How to delete a node from the middle of a linked list
Question 2.3 of Cracking the Coding Interview:
Implement an algorithm to delete a node in the middle of a single linked list, given only access to that node. Example:
 Input: the node
c
from the linked lista>b>c>d>e
 Output: nothing is returned, but the new linked list looks like
a>b>d>e
Here’s a diagram of the memory layout that we’re given:
node

v
a > b > c > d > e
Because we don’t have access to b
,
we can’t free c
’s memory,
as this would cause b>next
to be a dangling pointer:
node

v
a > b ~~~> d > e
Therefore, this question is a bit contrived:
a sensible API for deleting node c
would give you access to b
.
But let’s press on.
Instead of freeing c
’s memory,
we’ll have to free a different node’s memory.
We have access to d
via c>next
...
and we know that d
exists,
because the question tells us c
is somewhere in the middle of the linked list.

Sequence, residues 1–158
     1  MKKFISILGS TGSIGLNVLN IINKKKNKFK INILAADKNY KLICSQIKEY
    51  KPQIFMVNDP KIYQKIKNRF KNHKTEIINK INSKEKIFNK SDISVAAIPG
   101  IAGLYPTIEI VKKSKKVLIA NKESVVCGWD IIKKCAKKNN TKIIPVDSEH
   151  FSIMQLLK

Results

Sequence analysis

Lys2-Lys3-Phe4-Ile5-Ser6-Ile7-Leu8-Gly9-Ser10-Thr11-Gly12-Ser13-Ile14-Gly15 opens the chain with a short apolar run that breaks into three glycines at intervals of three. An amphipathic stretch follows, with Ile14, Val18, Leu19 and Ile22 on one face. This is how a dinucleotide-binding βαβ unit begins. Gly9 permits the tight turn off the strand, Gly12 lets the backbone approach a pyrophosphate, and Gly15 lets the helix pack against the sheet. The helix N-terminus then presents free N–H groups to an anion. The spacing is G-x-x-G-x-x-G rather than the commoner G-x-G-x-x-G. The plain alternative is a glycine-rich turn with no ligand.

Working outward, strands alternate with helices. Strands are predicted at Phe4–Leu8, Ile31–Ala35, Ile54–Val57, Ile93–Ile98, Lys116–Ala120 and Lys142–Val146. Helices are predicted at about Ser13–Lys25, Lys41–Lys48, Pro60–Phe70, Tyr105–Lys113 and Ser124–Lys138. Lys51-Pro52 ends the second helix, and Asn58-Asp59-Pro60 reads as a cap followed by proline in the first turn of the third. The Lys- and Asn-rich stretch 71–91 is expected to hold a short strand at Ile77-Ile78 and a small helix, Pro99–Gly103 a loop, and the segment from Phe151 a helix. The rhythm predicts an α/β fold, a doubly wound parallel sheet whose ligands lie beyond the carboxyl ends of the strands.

So, what if we deleted d
instead?!:
node

v
a > b > c > e
This is wrong,
but it would be right if only
the value at the third node was d
instead of c
!
So here’s the idea:
overwrite c
’s contents with d
’s contents,
then remove the node that contained d
.
So we copy the value d
over:
node next
 
v v
a > b > d > d > e
Then copy d
’s next
pointer over:
node next
 
v v
a > b > d d > e
 ^
 
++
Then finally free d
:
node next
 
v v
a > b > d e
 ^
 
++
Here’s an implementation in C:
#include <stdlib.h>
#include <assert.h>
typedef struct Node {
int val;
struct Node * next;
} Node;
// Precondition: node != NULL && node>next != NULL
void delete_node_middle(Node* node) {
Node* next = node>next;
node>val = next>val;
node>next = next>next;
free(next);
}
Node* mk_node(int val, Node* next) {
Node* node = malloc(sizeof(Node));
node>val = val;
node>next = next;
return node;
}
Node* mk_test_list(int length) {
if (length <= 0) return NULL;
return mk_node(length1, mk_test_list(length1));
}
int main(int argc, char** argv) {
// List nodes contain their indexes: 4,3,2,1,0
Node* test_list = mk_test_list(5);
delete_node_middle(test_list>next>next);
assert(test_list>val == 4);
assert(test_list>next>val == 3);
assert(test_list>next>next>val == 1);
assert(test_list>next>next>next>val == 0);
assert(test_list>next>next>next>next == NULL);
return 0;
}
Tagged #ctci, #programming, #c. All content copyright James Fisher 2020. This post is not associated with my employer.